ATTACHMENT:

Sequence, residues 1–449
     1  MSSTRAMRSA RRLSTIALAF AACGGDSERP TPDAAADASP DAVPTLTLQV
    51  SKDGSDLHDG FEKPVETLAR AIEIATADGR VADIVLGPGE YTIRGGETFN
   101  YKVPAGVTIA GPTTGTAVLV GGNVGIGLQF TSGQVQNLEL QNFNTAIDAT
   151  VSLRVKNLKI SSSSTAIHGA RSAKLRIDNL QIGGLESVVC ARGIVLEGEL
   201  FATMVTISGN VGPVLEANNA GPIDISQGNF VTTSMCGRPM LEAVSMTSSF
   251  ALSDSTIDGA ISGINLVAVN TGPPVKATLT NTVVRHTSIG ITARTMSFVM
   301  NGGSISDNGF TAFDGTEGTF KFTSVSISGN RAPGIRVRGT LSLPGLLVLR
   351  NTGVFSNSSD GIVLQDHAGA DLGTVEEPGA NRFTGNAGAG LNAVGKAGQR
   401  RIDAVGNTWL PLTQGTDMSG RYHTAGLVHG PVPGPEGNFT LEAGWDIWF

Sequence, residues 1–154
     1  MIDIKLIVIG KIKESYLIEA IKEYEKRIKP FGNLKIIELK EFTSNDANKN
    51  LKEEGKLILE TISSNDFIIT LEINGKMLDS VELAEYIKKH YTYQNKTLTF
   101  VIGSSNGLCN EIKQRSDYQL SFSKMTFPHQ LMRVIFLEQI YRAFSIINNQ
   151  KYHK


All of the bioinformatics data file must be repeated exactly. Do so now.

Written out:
Sequence, residues 1–449
     1  MSSTRAMRSA RRLSTIALAF AACGGDSERP TPDAAADASP DAVPTLTLQV
    51  SKDGSDLHDG FEKPVETLAR AIEIATADGR VADIVLGPGE YTIRGGETFN
   101  YKVPAGVTIA GPTTGTAVLV GGNVGIGLQF TSGQVQNLEL QNFNTAIDAT
   151  VSLRVKNLKI SSSSTAIHGA RSAKLRIDNL QIGGLESVVC ARGIVLEGEL
   201  FATMVTISGN VGPVLEANNA GPIDISQGNF VTTSMCGRPM LEAVSMTSSF
   251  ALSDSTIDGA ISGINLVAVN TGPPVKATLT NTVVRHTSIG ITARTMSFVM
   301  NGGSISDNGF TAFDGTEGTF KFTSVSISGN RAPGIRVRGT LSLPGLLVLR
   351  NTGVFSNSSD GIVLQDHAGA DLGTVEEPGA NRFTGNAGAG LNAVGKAGQR
   401  RIDAVGNTWL PLTQGTDMSG RYHTAGLVHG PVPGPEGNFT LEAGWDIWF

Sequence, residues 1–154
     1  MIDIKLIVIG KIKESYLIEA IKEYEKRIKP FGNLKIIELK EFTSNDANKN
    51  LKEEGKLILE TISSNDFIIT LEINGKMLDS VELAEYIKKH YTYQNKTLTF
   101  VIGSSNGLCN EIKQRSDYQL SFSKMTFPHQ LMRVIFLEQI YRAFSIINNQ
   151  KYHK